Mouth-to-breast transmission of Helicobacter pylori

A case involving oral contact with the nipple may have resulted in H. pylori entering the breast duct leading to fibrocystic breast changes, and H. pylori was found in the faeces of half of all breast-fed three-day-old babies whose mothers had documented H. pylori antibodies. H. pylori was found in four out of  66 milk samples from mothers.

Mouth-to-mouth and mouth-to-anus transmission of  Helicobacter pylori

Helicobacter pylori can be passed around families via shared objects and food that has come into contact with an infected mouth. It can also be passed on by coming into contact with vomit, faeces, dental plaque, gastric juices or saliva, with waterborne Helicobacter pylori being a factor.

Helicobacter pylori infections tend to appear in clusters like families. There is a link between oral infection and stomach infection, and any infection in the mouth can be easily passed on via wet kisses. Mouth-to-anus transmission of Helicobacter pylori is possible.

Helicobacter pylori and urethritis

A link between urethritis and H. pylori has been suggested. It is possible for H. pylori to be transmitted to the urethra in men or women via oral sex from someone with an infected mouth, so it stands to reason that the bacteria could colonise, causing symptoms and disease. There are a large proportion of men with urethritis not caused by gonorrhoea where no other organisms can be found.

Oral and vaginal yeasts and how they harbour H. pylori

Oral yeasts were found more often in babies born vaginally, with the frequency of H. pylori genes in the vaginal yeasts of the mother significantly higher than in the mother’s oral yeasts. A correlation was found between H. pylori genes in vaginal yeasts and oral H. pylori in babies. It is hypothesised that babies’ mouths could act as a reservoir for H. pylori.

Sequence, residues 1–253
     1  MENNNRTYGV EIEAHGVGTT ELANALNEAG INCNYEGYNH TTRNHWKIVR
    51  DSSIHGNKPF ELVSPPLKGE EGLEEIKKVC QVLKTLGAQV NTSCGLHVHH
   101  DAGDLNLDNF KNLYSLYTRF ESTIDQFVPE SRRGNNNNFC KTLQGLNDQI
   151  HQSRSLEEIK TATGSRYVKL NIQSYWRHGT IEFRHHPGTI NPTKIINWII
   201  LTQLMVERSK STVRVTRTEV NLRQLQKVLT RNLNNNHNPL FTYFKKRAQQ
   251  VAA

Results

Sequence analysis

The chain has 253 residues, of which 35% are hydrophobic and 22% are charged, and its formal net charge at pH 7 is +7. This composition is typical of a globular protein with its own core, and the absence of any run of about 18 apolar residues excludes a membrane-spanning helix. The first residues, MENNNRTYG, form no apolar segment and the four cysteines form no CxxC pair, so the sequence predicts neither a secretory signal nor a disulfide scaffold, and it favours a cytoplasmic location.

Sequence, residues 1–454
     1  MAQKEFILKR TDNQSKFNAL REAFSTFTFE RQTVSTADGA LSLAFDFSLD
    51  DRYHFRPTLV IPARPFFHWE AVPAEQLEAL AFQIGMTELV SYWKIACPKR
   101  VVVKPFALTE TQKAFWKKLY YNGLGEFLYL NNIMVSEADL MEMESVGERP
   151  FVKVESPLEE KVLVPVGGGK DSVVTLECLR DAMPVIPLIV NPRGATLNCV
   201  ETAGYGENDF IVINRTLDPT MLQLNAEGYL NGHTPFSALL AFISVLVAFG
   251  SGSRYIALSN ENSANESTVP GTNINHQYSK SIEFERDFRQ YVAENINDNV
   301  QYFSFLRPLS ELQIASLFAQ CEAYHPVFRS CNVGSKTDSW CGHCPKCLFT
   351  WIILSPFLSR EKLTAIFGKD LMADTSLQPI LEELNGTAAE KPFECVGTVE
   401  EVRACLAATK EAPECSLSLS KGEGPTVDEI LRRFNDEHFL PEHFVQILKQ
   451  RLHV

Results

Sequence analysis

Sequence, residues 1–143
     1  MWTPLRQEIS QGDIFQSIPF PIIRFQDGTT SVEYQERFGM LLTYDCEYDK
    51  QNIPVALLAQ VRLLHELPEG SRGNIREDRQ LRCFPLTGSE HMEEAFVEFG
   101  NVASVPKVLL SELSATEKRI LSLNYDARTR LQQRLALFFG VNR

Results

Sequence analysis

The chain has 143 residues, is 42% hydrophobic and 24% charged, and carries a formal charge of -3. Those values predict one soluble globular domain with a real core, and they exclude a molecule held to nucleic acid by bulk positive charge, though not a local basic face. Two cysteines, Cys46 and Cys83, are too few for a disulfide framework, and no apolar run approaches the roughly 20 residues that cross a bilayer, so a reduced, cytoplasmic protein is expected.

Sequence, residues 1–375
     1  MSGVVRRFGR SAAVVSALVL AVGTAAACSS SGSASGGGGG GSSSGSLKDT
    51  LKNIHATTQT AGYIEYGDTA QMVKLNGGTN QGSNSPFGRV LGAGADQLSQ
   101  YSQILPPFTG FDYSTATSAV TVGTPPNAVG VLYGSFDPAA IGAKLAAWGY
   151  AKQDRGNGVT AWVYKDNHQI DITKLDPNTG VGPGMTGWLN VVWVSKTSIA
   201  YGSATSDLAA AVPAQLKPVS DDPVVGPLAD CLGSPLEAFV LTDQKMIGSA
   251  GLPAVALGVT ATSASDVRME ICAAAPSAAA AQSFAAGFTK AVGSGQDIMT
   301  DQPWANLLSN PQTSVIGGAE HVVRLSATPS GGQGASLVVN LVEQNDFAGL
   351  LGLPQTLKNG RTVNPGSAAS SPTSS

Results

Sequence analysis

Vaginal yeasts are far more accommodating to H. pylori than oral yeasts, so vaginal yeast is considered to be the primary reservoir of H. pylori, facilitating transmission to babies via vaginal delivery.

Can I treat H. pylori vaginal or urethral infections with herbs and natural medicine?

Treating stubborn bacteria with herbs, particularly in the vaginal or urinary tract, is possible, however you will need to consult with a very experienced herbalist for the best prescription and treatment plan. H. pylori is notoriously hard to get rid of, so a combined approach with conventional treatments with herbal medicine or other support may be recommended.

Jessica Lloyd - Naturopathic Practitioner, BHSc(N)

Jessica Lloyd - Naturopathic Practitioner, BHSc(N)

Jessica is a degree-qualified naturopath (BHSc) specialising in vulvovaginal health and disease, based in Melbourne, Australia.

Jessica is the owner and lead naturopath of My Vagina, and is a member of the:

  • International Society for the Study of Vulvovaginal Disease (ISSVD)
  • International Society for the Study of Women's Sexual Health (ISSWSH)
  • National Vulvodynia Association (NVA) Australia
  • New Zealand Vulvovaginal Society (ANZVS)
  • Australian Traditional Medicine Society (ATMS)
Read more about Jessica and My Vagina's origin story.
Jessica Lloyd - Naturopathic Practitioner, BHSc(N)